Office of the Military Ombud; Castle Control Board on their 2015 Annual Performance & Strategic Plans; Castle of Good Hope progress report

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Defence and Military Veterans

22 April 2015
Chairperson: Mr M Motimele (ANC)
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Meeting Summary

The Castle Control Board presented an overview of its strategic documentation highlighting the Board's plans to ensure it places the Castle at the centre of heritage and reconciliation debates, maximises the Castle’s tourism potential and pursues registration as a UNESCO world heritage site. The Annual Performance Plan indicates the Board has certain operational challenges, as well as “game changers”. An example is the lack of full control over all the precincts of the Castle is a challenge which could be a major element in increasing the Board’s performance regarding its commercialisation efforts. While a game changer is the involvement of the South African National Defence Force’s Regional Works Regiment, which does basic maintenance at the Castle. Lastly, a breakdown was given of the budget and indicators for its three programmes.

The report on the renovation and maintenance project stated that the project contractor is GVK Siyazama Construction, the budget for the repair and restoration work is R108.6 million with a expected completion date at 03 September 2016. The combating of crime and vagrancy has been aided by an agreement being reached between the Board and the City of Cape Town allowing the fencing off of the area under the adjacent bridge. This is a transitional measure with future plans depending on the Board gaining control of all the properties linked to the Castle.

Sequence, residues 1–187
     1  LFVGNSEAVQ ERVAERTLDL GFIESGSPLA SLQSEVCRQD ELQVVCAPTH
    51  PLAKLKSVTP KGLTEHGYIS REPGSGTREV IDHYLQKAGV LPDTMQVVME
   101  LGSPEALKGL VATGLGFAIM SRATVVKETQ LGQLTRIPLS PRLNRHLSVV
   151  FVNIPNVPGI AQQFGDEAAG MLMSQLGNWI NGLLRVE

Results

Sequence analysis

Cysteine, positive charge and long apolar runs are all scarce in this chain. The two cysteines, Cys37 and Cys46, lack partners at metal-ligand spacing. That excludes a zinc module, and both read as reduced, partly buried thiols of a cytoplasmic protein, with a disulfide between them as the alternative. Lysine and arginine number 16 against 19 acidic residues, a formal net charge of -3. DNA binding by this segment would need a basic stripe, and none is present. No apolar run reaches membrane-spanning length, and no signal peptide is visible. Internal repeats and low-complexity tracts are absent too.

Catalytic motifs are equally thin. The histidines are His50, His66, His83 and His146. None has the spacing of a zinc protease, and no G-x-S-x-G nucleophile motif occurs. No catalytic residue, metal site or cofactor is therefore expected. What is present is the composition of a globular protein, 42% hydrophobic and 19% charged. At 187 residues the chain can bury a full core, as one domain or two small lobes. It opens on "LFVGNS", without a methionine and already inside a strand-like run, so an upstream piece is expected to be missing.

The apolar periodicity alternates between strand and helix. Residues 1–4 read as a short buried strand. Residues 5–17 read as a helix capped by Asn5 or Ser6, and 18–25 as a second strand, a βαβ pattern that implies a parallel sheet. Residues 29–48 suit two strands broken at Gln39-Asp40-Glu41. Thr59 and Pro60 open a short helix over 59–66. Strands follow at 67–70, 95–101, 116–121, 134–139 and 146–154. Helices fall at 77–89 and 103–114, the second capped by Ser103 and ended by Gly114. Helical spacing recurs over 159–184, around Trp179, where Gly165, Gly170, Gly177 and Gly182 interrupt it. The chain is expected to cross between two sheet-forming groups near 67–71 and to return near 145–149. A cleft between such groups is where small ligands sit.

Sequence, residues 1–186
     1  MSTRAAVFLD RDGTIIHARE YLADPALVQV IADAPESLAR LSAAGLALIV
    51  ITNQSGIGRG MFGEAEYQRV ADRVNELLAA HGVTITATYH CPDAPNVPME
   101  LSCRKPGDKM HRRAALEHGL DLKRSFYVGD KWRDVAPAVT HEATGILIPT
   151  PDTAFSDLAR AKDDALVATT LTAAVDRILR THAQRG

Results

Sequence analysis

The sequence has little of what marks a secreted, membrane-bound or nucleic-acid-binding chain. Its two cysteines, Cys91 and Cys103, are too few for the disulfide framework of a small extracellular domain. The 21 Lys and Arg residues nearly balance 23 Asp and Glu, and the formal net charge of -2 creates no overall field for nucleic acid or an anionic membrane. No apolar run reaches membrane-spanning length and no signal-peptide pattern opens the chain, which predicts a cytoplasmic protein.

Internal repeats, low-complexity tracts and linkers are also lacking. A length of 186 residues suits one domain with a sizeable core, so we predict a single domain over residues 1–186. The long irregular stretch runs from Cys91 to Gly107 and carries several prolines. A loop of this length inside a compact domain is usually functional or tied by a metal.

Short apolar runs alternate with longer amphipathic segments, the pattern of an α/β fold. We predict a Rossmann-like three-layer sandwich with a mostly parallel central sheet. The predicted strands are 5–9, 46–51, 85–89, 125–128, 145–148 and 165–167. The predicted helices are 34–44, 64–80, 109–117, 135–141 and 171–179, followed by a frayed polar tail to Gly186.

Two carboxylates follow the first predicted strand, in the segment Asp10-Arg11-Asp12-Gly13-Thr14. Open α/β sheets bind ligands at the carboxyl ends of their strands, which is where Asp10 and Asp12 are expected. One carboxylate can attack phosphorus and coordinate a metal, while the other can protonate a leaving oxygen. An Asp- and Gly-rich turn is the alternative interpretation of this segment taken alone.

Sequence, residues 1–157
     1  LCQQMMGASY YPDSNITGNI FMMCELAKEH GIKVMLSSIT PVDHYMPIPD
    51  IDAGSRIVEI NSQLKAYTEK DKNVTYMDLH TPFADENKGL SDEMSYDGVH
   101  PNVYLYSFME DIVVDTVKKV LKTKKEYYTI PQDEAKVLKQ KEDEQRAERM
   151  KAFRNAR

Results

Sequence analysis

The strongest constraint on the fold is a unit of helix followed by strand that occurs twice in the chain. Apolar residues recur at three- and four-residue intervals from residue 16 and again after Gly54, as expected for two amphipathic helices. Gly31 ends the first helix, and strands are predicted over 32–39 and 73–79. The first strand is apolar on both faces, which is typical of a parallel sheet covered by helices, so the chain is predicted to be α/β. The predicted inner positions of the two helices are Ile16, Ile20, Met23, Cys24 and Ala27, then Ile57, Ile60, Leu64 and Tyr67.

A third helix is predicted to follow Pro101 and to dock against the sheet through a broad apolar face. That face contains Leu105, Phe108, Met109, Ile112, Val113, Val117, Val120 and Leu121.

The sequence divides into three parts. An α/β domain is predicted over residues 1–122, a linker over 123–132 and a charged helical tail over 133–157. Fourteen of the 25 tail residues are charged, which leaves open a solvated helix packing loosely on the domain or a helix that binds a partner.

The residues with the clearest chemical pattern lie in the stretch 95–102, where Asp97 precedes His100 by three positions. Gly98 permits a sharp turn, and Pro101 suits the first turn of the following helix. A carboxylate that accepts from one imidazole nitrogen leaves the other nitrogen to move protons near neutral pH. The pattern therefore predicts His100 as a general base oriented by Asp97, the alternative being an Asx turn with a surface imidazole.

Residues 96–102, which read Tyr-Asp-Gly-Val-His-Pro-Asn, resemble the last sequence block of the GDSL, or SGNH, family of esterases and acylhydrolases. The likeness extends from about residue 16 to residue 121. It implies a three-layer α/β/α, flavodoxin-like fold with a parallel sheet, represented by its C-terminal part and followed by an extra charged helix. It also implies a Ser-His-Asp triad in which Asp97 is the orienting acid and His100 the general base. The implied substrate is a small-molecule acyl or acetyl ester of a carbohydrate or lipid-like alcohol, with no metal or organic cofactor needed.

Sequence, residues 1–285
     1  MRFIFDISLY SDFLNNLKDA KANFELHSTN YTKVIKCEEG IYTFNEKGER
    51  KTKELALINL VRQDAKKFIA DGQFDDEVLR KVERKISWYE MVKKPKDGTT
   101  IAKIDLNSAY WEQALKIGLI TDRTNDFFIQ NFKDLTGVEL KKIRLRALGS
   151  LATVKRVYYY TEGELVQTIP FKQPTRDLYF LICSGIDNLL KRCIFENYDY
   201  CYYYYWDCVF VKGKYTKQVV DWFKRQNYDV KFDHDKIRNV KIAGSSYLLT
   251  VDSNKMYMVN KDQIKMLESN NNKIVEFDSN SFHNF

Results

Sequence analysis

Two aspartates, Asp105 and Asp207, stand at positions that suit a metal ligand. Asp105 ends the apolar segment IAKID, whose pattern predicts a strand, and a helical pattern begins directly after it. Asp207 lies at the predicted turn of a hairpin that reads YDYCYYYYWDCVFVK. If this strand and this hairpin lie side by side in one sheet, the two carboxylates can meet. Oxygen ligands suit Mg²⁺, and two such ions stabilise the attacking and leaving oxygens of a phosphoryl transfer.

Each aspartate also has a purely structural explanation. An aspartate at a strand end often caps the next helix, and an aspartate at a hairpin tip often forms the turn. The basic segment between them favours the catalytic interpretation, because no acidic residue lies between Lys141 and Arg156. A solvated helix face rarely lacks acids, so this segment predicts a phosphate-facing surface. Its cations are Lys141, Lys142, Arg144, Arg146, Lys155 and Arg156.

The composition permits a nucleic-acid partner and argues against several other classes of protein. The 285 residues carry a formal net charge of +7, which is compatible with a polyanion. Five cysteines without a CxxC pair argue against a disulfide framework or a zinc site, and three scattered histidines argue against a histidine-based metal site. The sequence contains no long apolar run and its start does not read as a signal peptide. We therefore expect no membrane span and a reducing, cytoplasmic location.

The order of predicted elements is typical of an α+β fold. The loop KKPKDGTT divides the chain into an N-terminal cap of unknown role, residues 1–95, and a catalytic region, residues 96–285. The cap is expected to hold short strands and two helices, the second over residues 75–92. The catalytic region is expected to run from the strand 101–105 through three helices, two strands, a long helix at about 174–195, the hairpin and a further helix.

Members concerns included whether the Castle will truly be sustainable within the medium or short term based on the current budget and the potential revenue from the commercialisation efforts of the Board. Further, despite indications that the board would use its R13 million surplus to fill critical posts to aid the commercialisation efforts, the Board had decided to spend the money on infrastructure projects such as the transformation of the Castle Chapel and expansion of conference facilities.

The Board’s response was that while the Castle is sustainable given its present revenue generating activities, the commercialisation efforts are seriously hampered by the fact that the governing legislation places other stakeholders such as the City of Cape Town and Iziko in an inappropriate position of control over the Castle. If this is remedied, then the Board would have the total control required to implement its vision for the Castle which would allow it to maximise its commercialisation. Other efforts at generating revenue identified in the commercialisation study include increasing gate takings by 10% by having a reliable online access point to purchase tickets and increasing rental income by ensuring that the rent charged to tenants is reflective of the market price. On the surplus funds, the Board had decided to use the funds on the infrastructure projects, because these were revenue generating assets and National Treasury had indicated that this would be an appropriate use of the funds.